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About Rich

Creative Director

I was always a creative kid.

I lived most of my childhood in an imaginary world where I played the adult role. I would spend hours by myself creating a curriculum for a classroom I made up in my head and had regular hours I kept as the grocery store owner in the abandoned building behind our house. For far too long I used my bed as a news desk and was a 13-year-old news reporter, solo anchoring the 10 pm news.


I’ve always been in awe of creative people. Of people with “talent” because I never thought I had any. I was kicked out of band class in 4th grade and that’s when I stopped trying. It wasn’t until the Summer of 1997 that I realized what my superpower was. That summer changed my life. I was between 7th and 8th grade and it was when I figured out what I would do with the rest of my life. I saw a rerun of The Rosie O’Donnell Show and I could feel the energy through the tv screen. I wanted to do that. I needed to do that.


That is what I must do with my life. Provide an entertaining, fun, judgment-free zone where creative people are celebrated. I wanted to make the world feel how Rosie made me and millions of others feel every day: seen, heard, and loved. I created a talk show set in my bedroom and got to work. Every day I hung a sign I made on printer paper that read “ON AIR” and for 60 minutes I pretended to talk to the biggest stars in the world. I’ve been hosting that show in one version or another (guess who had a show on TV from 2016-2022) but it wasn’t until I started working for the arts-in-health nonprofit, Hearts Need Art, that I realized my ability to connect with strangers and comfort even the most nervous person is an art form.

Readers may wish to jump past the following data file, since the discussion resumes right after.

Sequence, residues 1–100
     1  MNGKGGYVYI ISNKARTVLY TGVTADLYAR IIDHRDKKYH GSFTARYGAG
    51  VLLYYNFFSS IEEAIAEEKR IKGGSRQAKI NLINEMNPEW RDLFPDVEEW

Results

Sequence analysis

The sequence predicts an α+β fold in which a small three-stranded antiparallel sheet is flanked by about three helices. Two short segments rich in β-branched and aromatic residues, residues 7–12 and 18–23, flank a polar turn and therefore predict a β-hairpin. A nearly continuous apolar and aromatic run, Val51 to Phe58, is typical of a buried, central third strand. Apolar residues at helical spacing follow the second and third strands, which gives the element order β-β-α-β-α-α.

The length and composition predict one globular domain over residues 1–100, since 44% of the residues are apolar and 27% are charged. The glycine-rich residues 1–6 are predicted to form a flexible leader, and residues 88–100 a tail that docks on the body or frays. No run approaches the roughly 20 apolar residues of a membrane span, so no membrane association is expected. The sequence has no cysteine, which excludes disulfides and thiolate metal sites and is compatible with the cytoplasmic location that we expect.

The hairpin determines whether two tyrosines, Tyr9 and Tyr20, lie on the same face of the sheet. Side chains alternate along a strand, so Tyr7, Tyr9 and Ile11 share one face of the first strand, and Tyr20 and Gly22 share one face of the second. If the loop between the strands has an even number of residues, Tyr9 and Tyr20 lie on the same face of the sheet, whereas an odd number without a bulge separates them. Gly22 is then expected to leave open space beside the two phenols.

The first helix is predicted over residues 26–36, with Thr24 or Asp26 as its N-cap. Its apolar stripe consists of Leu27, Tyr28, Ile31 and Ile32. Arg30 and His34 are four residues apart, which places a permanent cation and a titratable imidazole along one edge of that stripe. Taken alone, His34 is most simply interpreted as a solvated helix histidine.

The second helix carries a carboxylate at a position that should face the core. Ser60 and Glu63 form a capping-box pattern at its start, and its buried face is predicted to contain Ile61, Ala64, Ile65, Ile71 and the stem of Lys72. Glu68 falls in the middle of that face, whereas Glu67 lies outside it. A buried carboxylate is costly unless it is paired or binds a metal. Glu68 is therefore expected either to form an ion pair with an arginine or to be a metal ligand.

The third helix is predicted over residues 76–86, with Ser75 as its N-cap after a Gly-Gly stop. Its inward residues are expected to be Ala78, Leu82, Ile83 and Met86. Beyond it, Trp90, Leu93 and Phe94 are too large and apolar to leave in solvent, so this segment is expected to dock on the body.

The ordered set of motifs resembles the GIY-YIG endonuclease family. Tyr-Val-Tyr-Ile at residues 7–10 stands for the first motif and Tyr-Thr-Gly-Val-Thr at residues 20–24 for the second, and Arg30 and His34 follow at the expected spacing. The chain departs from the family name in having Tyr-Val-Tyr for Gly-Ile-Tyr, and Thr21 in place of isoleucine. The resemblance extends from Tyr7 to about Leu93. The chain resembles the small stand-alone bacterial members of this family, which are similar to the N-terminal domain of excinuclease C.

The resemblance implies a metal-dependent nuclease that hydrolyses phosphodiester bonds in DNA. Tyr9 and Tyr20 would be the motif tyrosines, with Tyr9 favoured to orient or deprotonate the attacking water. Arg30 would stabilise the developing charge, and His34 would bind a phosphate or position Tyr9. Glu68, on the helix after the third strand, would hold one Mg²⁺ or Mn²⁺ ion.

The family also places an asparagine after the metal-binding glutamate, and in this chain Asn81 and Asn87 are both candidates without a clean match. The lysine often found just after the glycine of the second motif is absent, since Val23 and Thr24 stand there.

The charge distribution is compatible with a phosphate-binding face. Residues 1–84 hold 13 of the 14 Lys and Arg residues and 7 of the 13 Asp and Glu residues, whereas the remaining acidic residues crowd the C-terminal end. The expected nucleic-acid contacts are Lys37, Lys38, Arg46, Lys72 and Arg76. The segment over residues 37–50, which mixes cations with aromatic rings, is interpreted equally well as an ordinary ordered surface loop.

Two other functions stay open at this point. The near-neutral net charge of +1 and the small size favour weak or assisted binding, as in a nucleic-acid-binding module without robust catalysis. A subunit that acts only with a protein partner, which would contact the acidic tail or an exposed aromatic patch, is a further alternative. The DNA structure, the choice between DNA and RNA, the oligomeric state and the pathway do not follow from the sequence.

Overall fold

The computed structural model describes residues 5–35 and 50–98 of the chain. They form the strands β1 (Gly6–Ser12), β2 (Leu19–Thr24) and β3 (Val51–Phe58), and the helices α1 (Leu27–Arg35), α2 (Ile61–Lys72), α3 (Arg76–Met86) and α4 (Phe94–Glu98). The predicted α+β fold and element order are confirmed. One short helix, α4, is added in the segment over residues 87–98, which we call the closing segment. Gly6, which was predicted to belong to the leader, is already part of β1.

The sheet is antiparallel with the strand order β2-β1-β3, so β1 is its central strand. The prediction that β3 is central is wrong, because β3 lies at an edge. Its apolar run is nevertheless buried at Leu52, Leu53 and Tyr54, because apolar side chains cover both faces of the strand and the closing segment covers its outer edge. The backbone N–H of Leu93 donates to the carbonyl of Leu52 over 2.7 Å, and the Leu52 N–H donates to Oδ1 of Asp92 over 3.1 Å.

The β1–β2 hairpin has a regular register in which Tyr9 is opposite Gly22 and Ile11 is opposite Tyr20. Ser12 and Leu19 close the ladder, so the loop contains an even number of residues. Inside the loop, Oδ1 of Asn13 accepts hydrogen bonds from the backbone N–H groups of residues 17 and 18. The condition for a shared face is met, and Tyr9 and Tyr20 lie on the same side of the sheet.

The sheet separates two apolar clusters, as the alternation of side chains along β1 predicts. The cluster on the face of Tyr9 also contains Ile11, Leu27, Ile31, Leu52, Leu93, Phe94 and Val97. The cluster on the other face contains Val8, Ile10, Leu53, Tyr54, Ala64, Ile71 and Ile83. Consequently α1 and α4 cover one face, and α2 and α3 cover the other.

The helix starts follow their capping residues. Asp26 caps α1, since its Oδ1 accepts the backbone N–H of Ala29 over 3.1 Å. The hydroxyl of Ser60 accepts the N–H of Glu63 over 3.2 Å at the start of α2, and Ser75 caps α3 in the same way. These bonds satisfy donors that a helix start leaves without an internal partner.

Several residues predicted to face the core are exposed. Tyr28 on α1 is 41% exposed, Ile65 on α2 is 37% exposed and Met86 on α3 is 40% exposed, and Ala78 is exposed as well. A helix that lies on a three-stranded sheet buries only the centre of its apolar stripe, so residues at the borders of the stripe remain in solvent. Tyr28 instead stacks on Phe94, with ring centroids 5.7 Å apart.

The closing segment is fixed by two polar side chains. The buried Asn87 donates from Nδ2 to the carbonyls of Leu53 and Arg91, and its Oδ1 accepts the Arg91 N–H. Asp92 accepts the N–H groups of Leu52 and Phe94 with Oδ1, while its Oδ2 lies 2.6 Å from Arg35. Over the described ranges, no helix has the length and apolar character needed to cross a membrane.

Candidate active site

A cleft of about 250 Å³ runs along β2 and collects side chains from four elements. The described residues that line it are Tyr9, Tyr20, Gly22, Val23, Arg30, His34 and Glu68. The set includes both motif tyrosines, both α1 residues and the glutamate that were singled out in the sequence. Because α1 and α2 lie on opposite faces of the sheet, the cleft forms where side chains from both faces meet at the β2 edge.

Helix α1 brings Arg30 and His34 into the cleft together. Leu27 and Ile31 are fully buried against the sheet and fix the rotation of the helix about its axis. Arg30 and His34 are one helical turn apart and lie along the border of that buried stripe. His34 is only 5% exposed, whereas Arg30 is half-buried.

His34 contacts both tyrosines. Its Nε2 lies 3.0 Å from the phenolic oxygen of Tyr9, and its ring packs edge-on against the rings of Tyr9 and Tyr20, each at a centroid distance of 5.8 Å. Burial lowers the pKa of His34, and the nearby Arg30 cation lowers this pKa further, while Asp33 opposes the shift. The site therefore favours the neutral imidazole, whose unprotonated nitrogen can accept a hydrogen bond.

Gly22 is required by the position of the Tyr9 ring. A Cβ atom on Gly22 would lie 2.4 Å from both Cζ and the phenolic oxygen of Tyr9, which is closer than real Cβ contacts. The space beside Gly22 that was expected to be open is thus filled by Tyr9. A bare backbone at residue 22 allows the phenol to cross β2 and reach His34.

I always say most of my paintings are hung on the inside of a garbage can and that is fine by me. I love the process of pushing shiny paint around a canvas. I love how smoothly it glides, the way the light hits it and it glistens. I love the way I don’t know anything about combining colors so there’s always a surprise at some point.

What I’ve learned so far: art, in any form, isn’t about the outcome. It’s about the process. It’s about the distraction and the way it calms your mind. It’s about expression and vision and uncertainty and hope and faith and fear and grief and everything in between.


Art can be loud and it can be silent. Take a breath and just be still. Be silent or let all the thoughts and feelings fly through your head and then use anything from pencils to pianos to release it.

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